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Malaysia makes big bet on natural gas from Canada

Motorists pump petrol at a Petroliam Nasional Bhd (Petronas) petrol station in Putrajaya outside Kuala Lumpur.


Malaysia's state-owned oil and gas company is making a multibillion-dollar bet on Canada's vision to export natural gas to Asia.

Petronas said Thursday it struck a deal to acquire Calgary's Progress Energy Resources Corp. for $5.5-billion. Petronas also chose Prince Rupert, B.C., as home of its planned export terminal for liquefied natural gas.

International energy companies have been spending billions on remote natural gas plays in Alberta and B.C., with plans to sell the gas in Asia where prices are substantially stronger. With a supply glut of gas keeping prices depressed in North America, foreign companies armed with big cash reserves are being welcomed by Canadian energy firms.

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"Our asset base requires extensive capital to develop its large potential and ultimately access international LNG markets," Progress chief executive officer Michael Culbert said in a statement. "Petronas offers the size and scale that will enable our company to continue to grow and not be limited by the same cash flow challenges faced by many producers in the North American natural gas market today."

Natural gas in North America sold for less than $2.80 per million British thermal units Thursday. By contrast, LNG is worth as much as $18 per million BTUs in Asia.

This gap has producers in North America searching for partners to help them develop both their resources and export potential. Indeed, Progress, which says it holds the most acres of land in the Montney shale play and controls 1.9 trillion cubic feet of proved plus probable reserves, struck a joint ventrue with Petronas a year ago.

"Petronas is a leader in the LNG technology business, but they don't have the resource," said Norman MacDonald, a fund manager at Toronto's Invesco Trimark Ltd. "If one company brings the capital, the balance sheet, the disciple, and the technology, and the other company brings the real estate, it is a great marriage."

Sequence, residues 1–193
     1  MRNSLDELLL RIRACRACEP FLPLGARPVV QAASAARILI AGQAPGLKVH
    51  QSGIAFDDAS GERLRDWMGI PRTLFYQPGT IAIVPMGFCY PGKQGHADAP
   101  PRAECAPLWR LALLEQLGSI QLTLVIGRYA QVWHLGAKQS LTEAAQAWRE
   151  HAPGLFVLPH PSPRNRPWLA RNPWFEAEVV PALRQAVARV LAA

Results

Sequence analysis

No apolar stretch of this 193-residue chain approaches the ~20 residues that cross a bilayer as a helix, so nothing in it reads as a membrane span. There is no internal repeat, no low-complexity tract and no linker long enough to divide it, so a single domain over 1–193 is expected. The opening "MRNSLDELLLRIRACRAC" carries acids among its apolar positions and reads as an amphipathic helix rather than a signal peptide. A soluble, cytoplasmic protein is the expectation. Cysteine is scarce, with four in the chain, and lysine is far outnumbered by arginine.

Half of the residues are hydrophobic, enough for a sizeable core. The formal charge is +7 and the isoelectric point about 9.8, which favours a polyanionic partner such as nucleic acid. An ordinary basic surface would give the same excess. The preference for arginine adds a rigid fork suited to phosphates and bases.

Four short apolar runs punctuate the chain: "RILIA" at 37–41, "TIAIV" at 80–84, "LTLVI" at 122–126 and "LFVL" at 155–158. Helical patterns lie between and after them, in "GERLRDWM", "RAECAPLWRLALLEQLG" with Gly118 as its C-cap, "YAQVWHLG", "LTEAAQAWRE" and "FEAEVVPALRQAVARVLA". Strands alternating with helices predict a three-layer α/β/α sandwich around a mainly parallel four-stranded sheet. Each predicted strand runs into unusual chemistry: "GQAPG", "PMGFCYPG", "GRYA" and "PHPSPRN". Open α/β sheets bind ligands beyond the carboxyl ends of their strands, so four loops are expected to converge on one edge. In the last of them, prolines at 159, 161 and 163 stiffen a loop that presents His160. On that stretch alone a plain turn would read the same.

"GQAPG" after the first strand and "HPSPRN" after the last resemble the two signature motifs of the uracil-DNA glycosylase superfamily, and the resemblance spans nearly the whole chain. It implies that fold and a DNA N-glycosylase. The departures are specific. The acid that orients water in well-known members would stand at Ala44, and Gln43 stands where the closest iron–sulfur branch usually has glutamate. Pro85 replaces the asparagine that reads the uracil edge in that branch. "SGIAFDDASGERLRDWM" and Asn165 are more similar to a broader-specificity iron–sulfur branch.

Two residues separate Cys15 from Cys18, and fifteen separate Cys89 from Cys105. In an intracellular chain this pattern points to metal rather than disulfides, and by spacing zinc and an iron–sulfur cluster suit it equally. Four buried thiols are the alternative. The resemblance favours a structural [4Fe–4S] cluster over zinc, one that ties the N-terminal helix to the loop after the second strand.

Under the deal, Petronas will pay Progress shareholders $20.45 per share, a 77-per-cent premium to the company's closing price of $11.55 on Wednesday. Including convertible debt, the deal is valued at about $5.5-billion. The Calgary-based company operates in the Deep Basin in northwest Alberta and the Foothills zone in northeast British Columbia.

Building oil pipelines across B.C. and exporting it out of ports on the West Coast has proven tremendously controversial, with some native groups standing in opposition. Discussions around natural gas exports, however, have not been met with the same resistance. David Taylor, president of Taylor Asset Management, expects Canada to support the LNG market.

"If any nation has a vested interested in trying to get $3 gas to Malaysia or Tokyo [where it is worth $15], it is Canada," he said. A slew of companies are now investing in or considering LNG export facilities in Kitimat or Prince Rupert.

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Petronas said it will retain Progress' employees. The proposed takeover needs government and shareholder approval, although investors holding roughly 25 per cent of Progress stock have agreed to the deal.

Natural Resources Minister Joe Oliver said there is great interest in rapidly emerging countries to invest in Canadian resource development, due to the size of the resources, the tax and regulatory regime and the open foreign investment climate.

"We don't have enough capital in the country to finance all these projects so we are open to business and welcome investment," he said, noting however that specific deals are subject to an Investment Canada review to ensure they represent a net benefit to Canada.

Ottawa has added additional screening for state-owned companies making major acquisitions in Canada. They must show they are acting in a commercial, rather than political, fashion and are encouraged to establish a Canadian-based subsidiary with local people on its board.

"We certainly welcome companies that are acting like good corporate citizens," he said. "But we're looking at each investment on a case by case basis."

With a file from Bloomberg News

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About the Author

Carrie Tait joined the Globe in January, 2011, mainly reporting on energy from the Calgary bureau. Previously, she spent six years working for the National Post in both Calgary and Toronto. She has a master’s degree in journalism from the University of Western Ontario and a bachelor’s degree in political studies from the University of Saskatchewan. More


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